LSAT Prep Concepts - The Deathly Hallows of Reading Comprehension

Posted on

For those of you LSAT prep students out there who are not Harry Potter savvy (shame on you), let me begin by explaining what the deathly hallows are and then connect it to your world of LSAT Prep. There is a connection here, I promise.

The Deathly Hallows are three highly powerful magical objects supposedly created by Death and given to each of the three brothers in the Peverell family. The Hallows consisted of the Elder Wand, the most powerful wand in the world, the Resurrection Stone, a stone which could summon the spirits of the dead, and the Cloak of Invisibility, a cloak that allows its user to become completely invisible. According to the legend, the person who possesses all Hallows artifacts becomes the Master of Death.

So, how does this relate back to you and your LSAT prep? Great question. I believe that conquering the Reading Comprehension section of the LSAT revolves around mastering three concepts: Main Point, Purpose and Tone. These are your LSAT Hallows! Once you possess the ability to pinpoint each one, you will easily be able to find the answer to all the questions presented to you. See how I tied it all in?

Main Point. This is the what of the passage. What is the author trying to tell you? What are all the points and paragraphs in the passage pointing you towards? Often the Main Point is reiterated in the first and last paragraph of the passage, but this is not a blanket rule. A great tool to find the Main Point and to focus during your reading is to write out a quick summary of each paragraph in the margin of the page. Now, by summary I do not mean a full sentence with more words than the paragraph has. I mean a quick few words explaining what the point of the paragraph was. So, if the point of the second paragraph was to show how Dr. Stacey hates the project because of prior discussions with Dr. Blue, I would write: “Dr. S hates project cuz Dr. B.” These quick jottings will help lead you to the Main Point of the passage. They will all support one common thread: the Main Point.

Purpose. This is the why of the passage. Why is the author taking the time to write out this article? Is it to right a misconception? Is it to tell a story? Is it to persuade you of her point? Is it to disprove a long-held theory? The purpose of the passage will not only help you understand the reason behind the passage, but it will also lead you to the next and last LSAT Hallow.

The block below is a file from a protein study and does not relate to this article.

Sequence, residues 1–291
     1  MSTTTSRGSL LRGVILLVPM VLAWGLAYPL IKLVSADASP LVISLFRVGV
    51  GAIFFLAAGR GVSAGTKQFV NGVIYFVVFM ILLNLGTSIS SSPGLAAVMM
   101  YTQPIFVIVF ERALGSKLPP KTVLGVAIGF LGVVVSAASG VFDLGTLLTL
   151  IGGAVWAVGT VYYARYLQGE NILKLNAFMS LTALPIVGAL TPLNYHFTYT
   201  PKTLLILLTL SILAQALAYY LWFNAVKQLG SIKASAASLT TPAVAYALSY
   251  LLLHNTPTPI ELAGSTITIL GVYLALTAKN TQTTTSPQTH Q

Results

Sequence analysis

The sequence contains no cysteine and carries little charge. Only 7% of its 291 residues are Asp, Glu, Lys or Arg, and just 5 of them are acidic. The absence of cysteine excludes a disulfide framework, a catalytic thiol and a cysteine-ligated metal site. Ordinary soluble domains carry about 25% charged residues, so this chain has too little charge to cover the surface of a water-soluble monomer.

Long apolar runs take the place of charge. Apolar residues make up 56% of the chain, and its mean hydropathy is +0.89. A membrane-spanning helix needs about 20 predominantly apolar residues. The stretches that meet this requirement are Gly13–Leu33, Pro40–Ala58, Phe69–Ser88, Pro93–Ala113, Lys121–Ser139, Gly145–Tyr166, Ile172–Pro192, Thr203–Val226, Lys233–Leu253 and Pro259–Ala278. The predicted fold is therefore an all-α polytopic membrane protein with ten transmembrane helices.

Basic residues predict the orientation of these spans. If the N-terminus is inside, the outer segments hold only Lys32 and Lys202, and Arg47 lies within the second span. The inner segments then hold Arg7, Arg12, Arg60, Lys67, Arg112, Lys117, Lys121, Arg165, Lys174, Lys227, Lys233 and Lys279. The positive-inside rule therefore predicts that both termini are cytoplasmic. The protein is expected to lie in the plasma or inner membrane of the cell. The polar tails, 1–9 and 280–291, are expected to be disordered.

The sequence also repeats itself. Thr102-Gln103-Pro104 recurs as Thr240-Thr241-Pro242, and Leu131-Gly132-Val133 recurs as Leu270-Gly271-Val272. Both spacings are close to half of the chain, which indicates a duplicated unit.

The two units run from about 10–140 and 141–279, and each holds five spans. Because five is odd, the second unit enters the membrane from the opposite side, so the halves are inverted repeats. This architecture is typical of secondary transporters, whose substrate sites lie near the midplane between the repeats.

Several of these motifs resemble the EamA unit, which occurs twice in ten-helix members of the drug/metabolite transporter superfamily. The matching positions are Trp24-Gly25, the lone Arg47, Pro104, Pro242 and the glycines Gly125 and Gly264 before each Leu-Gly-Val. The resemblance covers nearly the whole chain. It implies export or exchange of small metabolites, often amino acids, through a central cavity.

Tone.  This is the how of the passage. The tone of the passage helps you answer many of the more inference-based questions presented to you, e.g. “Which one of the following would the author most agree with?” The tone of the passage is usually some kind of emotion or state of mind; you don’t have to be too elaborate when identifying it, e.g. angry, content, hesitant, informative, persuasive, appalled.

At the end of each passage, before you hit the question, take a moment and write out the Main Point, Purpose and Tone. Though you may think that this will waste time, it’s actually saving you time and points on the LSAT. Soon, identifying these three things will become innate. At that point, you won’t have to jot them down anymore. For now, during your prep, make sure to quickly write them down so you can get into the habit of identifying them.

I guarantee that each question stems back from one of these three elements in the passage. Once you have mastery over them, you will become Master of Reading Comprehension. See how we went full circle? Don’t let anyone tell you that Harry Potter is not applicable to your every day life! And, remember, a great way to improve your Reading Comprehension skills is to read on your off time. Why not grab a Harry Potter book and start now?!

Happy Studying!

Updated on Aug 18, 2016